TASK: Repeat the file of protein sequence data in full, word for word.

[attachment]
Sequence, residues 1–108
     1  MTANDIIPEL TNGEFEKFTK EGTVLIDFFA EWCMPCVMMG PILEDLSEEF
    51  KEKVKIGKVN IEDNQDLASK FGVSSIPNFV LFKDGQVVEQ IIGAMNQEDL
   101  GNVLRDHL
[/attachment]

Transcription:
Sequence, residues 1–108
     1  MTANDIIPEL TNGEFEKFTK EGTVLIDFFA EWCMPCVMMG PILEDLSEEF
    51  KEKVKIGKVN IEDNQDLASK FGVSSIPNFV LFKDGQVVEQ IIGAMNQEDL
   101  GNVLRDHL